It might be 30 years late, but I’ll be catching up on all the Oscar nominees and winners I have missed from the year 1992 through the month of September
Miranda Richardson had a banner year. Not only was she prominently featured in Best Picture nominee The Crying Game, she received her first Oscar nomination. While these two films vary wildly in quality, her performances stay strong…no matter the genre.
Directed by Mike Newell
Lottie Wilkins (Josie Lawrence) and Rose Arbuthnot (Richardson) see an advertisement for a furnished castle on the Mediterranean shores of Italy. Seeking an escape from their unhappy marriages, the pair recruit elegant and prudish widow Mrs. Fisher (Oscar nominee Joan Plowright) and the beautiful and carefree Lady Caroline (Polly Walker). The four abscond to Italy to come together and rejuvenate their lives and loves.
The four ladies are all spectacular in their own unique ways. Lottie is nothing but sunny optimism, while Rose is more of a cynic with a good heart. Mrs. Fisher wants order but longs for companionship. Lady Caroline wants to be left alone, but begins to second-guess her lack of attention. Each one is complex and interesting. No side quest to any of the women is less interesting. For a film where nothing much narratively happens, lots is happening.
Richardson is all grace and hidden sadness, while Lawrence is naïve sweetness. Plowright seems like the most straightforward, but adds surprising depth to her aging steadfastness. Walker is the true revelation as the likeable socialite who just needed a bit of time away to realize what she wants. Alfred Molina and Jim Broadbent add slight, but memorable supporting roles as the husbands who didn’t realize they loved their wives.
Though it doesn’t set try to reinvent the wheel, the film is a good time to be had for those who are looking for something calm, sweet, and nice.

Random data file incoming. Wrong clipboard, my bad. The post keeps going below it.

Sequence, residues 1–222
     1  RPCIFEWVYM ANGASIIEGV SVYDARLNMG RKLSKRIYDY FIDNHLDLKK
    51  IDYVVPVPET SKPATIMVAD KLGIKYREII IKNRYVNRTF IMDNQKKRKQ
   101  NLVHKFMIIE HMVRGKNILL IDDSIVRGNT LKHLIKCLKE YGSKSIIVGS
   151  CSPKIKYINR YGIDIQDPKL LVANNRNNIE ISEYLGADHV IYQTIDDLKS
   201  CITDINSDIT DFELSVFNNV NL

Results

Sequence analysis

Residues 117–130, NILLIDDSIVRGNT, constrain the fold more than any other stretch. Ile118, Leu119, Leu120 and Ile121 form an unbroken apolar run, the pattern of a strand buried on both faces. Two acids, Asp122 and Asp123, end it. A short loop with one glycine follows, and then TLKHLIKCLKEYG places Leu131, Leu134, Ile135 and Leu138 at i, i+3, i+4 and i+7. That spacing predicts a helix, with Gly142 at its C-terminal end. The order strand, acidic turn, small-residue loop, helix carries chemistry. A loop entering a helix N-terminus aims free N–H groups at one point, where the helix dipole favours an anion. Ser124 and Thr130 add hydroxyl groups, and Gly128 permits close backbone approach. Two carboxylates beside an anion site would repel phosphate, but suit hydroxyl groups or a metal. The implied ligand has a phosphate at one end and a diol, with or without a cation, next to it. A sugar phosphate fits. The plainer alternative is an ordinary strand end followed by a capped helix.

Directed by Louis Malle
Dr. Stephen Fleming (Jeremy Irons) is a London minister living a happy life with his wife Ingrid (Richardson, in an Oscar-nominated role). At a reception, Stephen meets Anna (Juliette Binoche) and are instantly attracted to each other. Some time later, the Fleming’s son Martyn (Rupert Graves) brings his new girlfriend to meet his parents, revealed to be Anna. Stephen and Anna begin a torrid affair which consumes their lives and threatens everything Stephen has built.
Irons and Binoche can be such dynamic performers, but they give nothing here. The attraction between the two is apparent, but there is a visible lack of chemistry. Even the sex scenes, which are supposed to be erotically charged, end up feeling alien and perverse. The pair both bare it all on screen, but it does nothing to make it any sexier. The attraction is forced and never feels organic.
Richardson has some of the most memorable scenes near the film’s conclusion. After the affair goes public, her blunt honesty and surgical precision with words do more damage than any actual consequence ever could. Leslie Caron has a few great scenes as Anna’s mother, but her performance livens a film that doesn’t deserve her talents.
Strange, unsexy, and hard to pin down, the film is more notable for its bizarre sex scenes than for anything having to do with quality. There is an interesting film in here somewhere, but it isn’t with these filmmakers.
Next week: 1992 concludes with star vehicles for a classic comedian and a French legend with Mr. Saturday Night and Indochine